April 19, 2016

“I have seen people after the war that came from concentration camps, they were violated in their bodies and their minds, and they were contaminated by the violence. They became violent themselves. This is what I wanted to show in Cutter’s Way.” – Ivan Passer

Cutter’s Way is a sickly film, its characters hungover or half in the bag. They have never recovered from the Vietnam War, either from the physical scars from fighting or the guilt from avoiding it. Cutter (John Heard) is the wounded veteran suffering from post-traumatic stress, a ranting paranoiac lost in his own head. His wife Mo (Lisa Eichhorn) nurses the loss of her pre-war husband with drink. Cutter’s best friend is Bone (Jeff Bridges), a lithe golden god who makes a living as a gigolo and occasional boat salesman.  The trio’s blurred vision focuses upon the corpse of a young girl, who they suspect was murdered by local tycoon J.J. Cord (Stephen Elliott). Cord begins to exert an outsized role in their personal mythology, a symbol of the system, the American way of life, that has left them on the periphery.

Their amateur investigation is a half-cocked mess, and twists around into a blackmail scheme. Their dream of justice is obscured by the thick haze of the Santa Barbara summer, but whether or not they have found the true killer, they have recovered a modicum of belief, belief which ends in a defining act of violence. United Artists didn’t know what to do with this downbeat drama, and released it with little fanfare in 1981. It has had vocal supporters through the years, foremost among them J. Hoberman, and Twilight Time has released a handsome-looking Blu-ray that should expand its cult.

The film is based on Newton Thornburg’s 1976 novel Cutter and Bone, originally to be adapted by Robert Mulligan, and with Dustin Hoffman as Cutter. After that fell apart it was packaged with Mark Rydell and Richard Dreyfuss, but that too failed to proceed. Eventually United Artists settled on the Czech emigre Ivan Passer to direct – whose most famous film was still his Czech New Wave comedy Intimate Lighting (1965). He had made four films in Hollywood since, including the hilarious and harrowing heroin film Born to Win (1971, with a great George Segal performance), but none had eclipsed the reputation of his debut. Passer was available and interested, and United Artists just wanted to get the project off their slate. They insisted that Jeff Bridges take the second lead, since he was in UA’s upcoming surefire hit of Heaven’s Gate. They preferred Richard Dreyfuss for the role of Cutter, but Passer was adamant on casting John Heard, after seeing him in a performance of Othello opposite Dreyfuss. Not wanting to lose a third director, UA let Heard have the title role (the title was changed from Cutter and Bone to Cutter’s Way after its initial NYC release). The memorable zither-heavy score is by Jack Nitzsche.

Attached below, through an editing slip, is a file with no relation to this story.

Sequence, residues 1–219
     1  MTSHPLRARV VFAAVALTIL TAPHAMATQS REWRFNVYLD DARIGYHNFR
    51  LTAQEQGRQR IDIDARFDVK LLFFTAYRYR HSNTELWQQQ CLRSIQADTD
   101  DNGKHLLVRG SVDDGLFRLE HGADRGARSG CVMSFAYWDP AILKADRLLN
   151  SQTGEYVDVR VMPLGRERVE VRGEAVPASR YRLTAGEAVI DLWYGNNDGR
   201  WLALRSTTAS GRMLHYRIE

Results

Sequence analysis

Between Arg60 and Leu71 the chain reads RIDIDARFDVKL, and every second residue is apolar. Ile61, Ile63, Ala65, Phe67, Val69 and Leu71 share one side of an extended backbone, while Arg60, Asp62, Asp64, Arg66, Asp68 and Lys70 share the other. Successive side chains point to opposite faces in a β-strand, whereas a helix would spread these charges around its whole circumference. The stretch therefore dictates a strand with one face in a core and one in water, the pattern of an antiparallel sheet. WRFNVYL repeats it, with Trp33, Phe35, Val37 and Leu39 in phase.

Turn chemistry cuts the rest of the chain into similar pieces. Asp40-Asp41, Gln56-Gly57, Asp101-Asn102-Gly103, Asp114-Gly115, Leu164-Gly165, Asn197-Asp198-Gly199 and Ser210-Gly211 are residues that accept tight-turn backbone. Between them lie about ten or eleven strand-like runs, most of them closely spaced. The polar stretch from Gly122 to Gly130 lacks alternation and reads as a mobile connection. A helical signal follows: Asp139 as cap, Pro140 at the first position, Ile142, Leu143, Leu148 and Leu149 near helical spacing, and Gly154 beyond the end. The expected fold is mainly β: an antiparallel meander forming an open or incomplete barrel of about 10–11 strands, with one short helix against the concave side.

Passer’s greatest coup was hiring DP Jordan Cronenweth, who veils Santa Barbara in a jaundiced palette – the city seems to expel Cutter and his cronies as a digestive system expels bile. The look of the film was described pungently by J. Hoberman in his Village Voice review: “Jordan Cronenweth’s accomplished cinematography conveys the essence of rot. Everything is orange-gold and subtly synthetic. The film has the burnished Naugahyde look of a sunset seen through the window of a House of Pancakes.” This “orange-gold” was by Passer’s design. He recalled the working process with Cronenweth to Olivier Père:

 The casting director showed me some TV movies and I was impressed by the work of Jordan. I was stunned when I met him because he was around 40 and he behaved like if he was 90 years old! The slowest person in the world! I learned that he was not able to do more than 6 set-ups a day, so I adjusted and did long shoots which I could intercut. It is always very difficult to control the color in a film. We couldn’t paint things like Antonioni. It was too expensive. So we took out one color, blue. There is no blue in the film, which is difficult in California because of the sky. That forced me to put the camera above the eye level, camera is always looking a little down, and you have the sense there is some aesthetic order in the film. Jordan was a real artist, always surprised by everything, like a child. He never made a shot that needed some reshoot or correction.